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Kaywood Properties, Ltd. v. Forte

SUPREME COURT OF THE STATE OF NEW YORK APPELLATE DIVISION SECOND JUDICIAL DEPARTMENT


January 5, 2010

IN THE MATTER OF KAYWOOD PROPERTIES, LTD., ET AL., RESPONDENTS,
v.
M. CECIL FORTE, ETC., ET AL., APPELLANTS.

In a proceeding pursuant to CPLR article 78 to review a determination of the Planning Board of the Town of Brookhaven dated May 1, 2006, which denied the petitioners' application for subdivision approval, the appeal is from (1) a decision of the Supreme Court, Suffolk County (Baisley, J.), dated April 10, 2008, and (2) a judgment of the same court dated July 28, 2008, which, upon the decision, granted the petition to the extent of annulling the determination and remitting the matter to the Planning Board of the Town of Brookhaven for approval of the petitioners' site plan application, subject to completion of the environmental review process required by the State Environmental Quality Review Act (ECL art 8) and such reasonable conditions as the appellants may impose.

Published by New York State Law Reporting Bureau pursuant to Judiciary Law § 431.

This opinion is uncorrected and subject to revision before publication in the Official Reports.

REINALDO E. RIVERA, J.P., HOWARD MILLER, JOHN M. LEVENTHAL and CHERYL E. CHAMBERS, JJ.

(Index No. 14053/06)

DECISION & ORDER

ORDERED that the appeal from the decision is dismissed, as no appeal lies from a decision (see Schicchi v J.A. Green Constr. Corp., 100 AD2d 509); and it is further,

ORDERED that the judgment is reversed, on the law, the petition is denied, the determination is confirmed, and the proceeding is dismissed on the merits; and it is further,

ORDERED that one bill of costs is awarded to the appellants.

The petitioners sought approval from the Planning Board of the Town of Brookhaven (hereinafter the Planning Board) to subdivide a parcel of land located within a district known as the Compatible Growth Area of the Central Pine Barrens. After numerous yield-maps were submitted and several hearings held, the Planning Board denied the application on several grounds. The Supreme Court granted the petition to annul the Planning Board's determination on the ground that the findings and conclusions were unreasonable and arbitrary and capricious. We reverse.

"A local planning board has broad discretion in reaching its determination on applications [for a subdivision] such as the petitioner's, and judicial review is limited to determining whether the action taken by the board was illegal, arbitrary, or an abuse of discretion" (Matter of Kearney v Kita, 62 AD3d 1000, 1001). Thus, "[t]he planning board's determination should be sustained upon judicial review if it was not illegal, has a rational basis, and is not arbitrary and capricious'" (id., quoting Matter of Gallo v Rosell, 52 AD3d 514, 515). "When reviewing the determinations of a local planning board, courts consider substantial evidence only to determine whether the record contains sufficient evidence to support the rationality of the Board's determination'" (id., quoting Matter of Gallo v Rosell, 52 AD3d at 515 [internal quotation marks omitted]).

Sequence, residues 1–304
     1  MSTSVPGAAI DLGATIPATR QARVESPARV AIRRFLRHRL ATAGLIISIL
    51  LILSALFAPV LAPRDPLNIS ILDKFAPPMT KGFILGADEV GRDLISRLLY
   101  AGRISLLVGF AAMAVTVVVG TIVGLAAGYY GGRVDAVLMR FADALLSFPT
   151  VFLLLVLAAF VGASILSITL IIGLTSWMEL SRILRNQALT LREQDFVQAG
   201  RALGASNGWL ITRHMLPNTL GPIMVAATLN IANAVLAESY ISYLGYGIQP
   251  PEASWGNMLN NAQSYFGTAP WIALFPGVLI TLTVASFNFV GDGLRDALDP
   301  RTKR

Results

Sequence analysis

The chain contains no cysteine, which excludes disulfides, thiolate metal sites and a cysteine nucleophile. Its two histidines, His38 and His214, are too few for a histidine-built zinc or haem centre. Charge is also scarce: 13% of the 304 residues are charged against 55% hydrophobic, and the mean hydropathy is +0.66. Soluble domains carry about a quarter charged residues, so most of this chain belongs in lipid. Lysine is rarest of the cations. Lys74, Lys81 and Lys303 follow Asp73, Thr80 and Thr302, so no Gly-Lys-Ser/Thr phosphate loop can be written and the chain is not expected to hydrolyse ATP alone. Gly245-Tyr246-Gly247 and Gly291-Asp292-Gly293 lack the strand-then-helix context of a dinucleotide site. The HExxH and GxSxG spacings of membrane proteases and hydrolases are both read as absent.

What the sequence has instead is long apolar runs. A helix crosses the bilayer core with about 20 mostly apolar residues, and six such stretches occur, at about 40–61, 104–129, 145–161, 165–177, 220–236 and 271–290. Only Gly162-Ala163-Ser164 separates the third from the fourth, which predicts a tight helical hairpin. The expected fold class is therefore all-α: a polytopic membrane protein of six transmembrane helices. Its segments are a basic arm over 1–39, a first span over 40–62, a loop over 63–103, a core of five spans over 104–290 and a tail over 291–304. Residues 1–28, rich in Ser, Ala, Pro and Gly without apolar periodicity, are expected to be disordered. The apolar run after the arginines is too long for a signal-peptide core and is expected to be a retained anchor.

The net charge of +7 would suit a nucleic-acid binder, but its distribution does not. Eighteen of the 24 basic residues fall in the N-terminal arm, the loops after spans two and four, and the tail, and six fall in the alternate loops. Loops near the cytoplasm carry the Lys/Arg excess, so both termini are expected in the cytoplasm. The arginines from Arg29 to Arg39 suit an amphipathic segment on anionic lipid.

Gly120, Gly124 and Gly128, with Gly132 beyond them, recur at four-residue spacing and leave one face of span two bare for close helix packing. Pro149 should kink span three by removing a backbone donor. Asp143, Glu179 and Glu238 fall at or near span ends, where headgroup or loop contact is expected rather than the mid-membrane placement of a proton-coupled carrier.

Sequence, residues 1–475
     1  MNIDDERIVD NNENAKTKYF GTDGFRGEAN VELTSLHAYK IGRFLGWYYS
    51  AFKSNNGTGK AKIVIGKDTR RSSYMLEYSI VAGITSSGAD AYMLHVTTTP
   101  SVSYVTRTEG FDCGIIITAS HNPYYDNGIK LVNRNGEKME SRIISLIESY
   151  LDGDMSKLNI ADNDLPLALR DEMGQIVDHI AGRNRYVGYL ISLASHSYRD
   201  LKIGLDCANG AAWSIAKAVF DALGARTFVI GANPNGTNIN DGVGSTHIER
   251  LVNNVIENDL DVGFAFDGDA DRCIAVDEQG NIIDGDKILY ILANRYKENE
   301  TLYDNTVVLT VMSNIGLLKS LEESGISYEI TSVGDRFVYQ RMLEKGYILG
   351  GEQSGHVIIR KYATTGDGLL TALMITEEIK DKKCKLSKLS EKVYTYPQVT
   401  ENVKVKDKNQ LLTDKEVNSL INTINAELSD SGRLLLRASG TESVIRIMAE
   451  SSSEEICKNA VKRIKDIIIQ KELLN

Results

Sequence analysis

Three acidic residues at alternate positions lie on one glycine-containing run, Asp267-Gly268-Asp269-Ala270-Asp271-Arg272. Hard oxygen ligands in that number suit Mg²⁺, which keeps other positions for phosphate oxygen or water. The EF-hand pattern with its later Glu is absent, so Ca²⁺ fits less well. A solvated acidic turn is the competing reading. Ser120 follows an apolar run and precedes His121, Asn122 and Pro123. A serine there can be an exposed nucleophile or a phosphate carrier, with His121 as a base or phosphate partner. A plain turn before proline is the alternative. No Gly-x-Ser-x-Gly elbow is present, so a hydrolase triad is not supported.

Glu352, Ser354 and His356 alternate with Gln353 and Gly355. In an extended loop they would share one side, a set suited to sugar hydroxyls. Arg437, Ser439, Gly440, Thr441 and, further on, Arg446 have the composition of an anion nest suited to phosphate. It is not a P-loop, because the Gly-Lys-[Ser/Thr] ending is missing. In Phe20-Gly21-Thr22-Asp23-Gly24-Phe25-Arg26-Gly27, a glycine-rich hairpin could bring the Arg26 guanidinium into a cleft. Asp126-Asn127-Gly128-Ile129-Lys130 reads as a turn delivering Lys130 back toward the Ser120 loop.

Here, the petitioners' subdivision application failed to satisfy the requirements of Town of Brookhaven Town Code § 85-448, which requires a hardship exemption from the Central Pine Barrens Commission for "proposed development located within the Compatible Growth Area of the Central Pine Barrens" (Town of Brookhaven Town Code § 85-448) where a development proposal fails to comply with certain delineated standards. These standards include a requirement that no more than 35% of the land on the site to be developed may be cleared where the proposed development is located in an A-2 residential zoning district (see Town of Brookhaven Town Code § 85-448, Fig. 5-1). Despite the petitioners' contentions to the contrary, the Town of Brookhaven Town Code clearly sets forth that the calculation of the amount of land to be cleared includes "those portions of the site that are already cleared due to previous activities" (Town of Brookhaven Town Code § 85-448[E][1][a]). In light of the fact that essentially the entire subject parcel had been cleared as a result of prior agricultural activities, a hardship exemption was a necessary component of the petitioner's application. Since the petitioners refused to apply to the Central Pine Barrens Commission for a hardship exemption, the Planning Board's determination that the application did not satisfy the requirements of Town of Brookhaven Town Code § 85-448 had a rational basis and was not arbitrary and capricious. Accordingly, the petition should have been denied.

In light of our determination, we need not address the Planning Board's remaining contentions.

RIVERA, J.P., MILLER, LEVENTHAL and CHAMBERS, JJ., concur.

20100105

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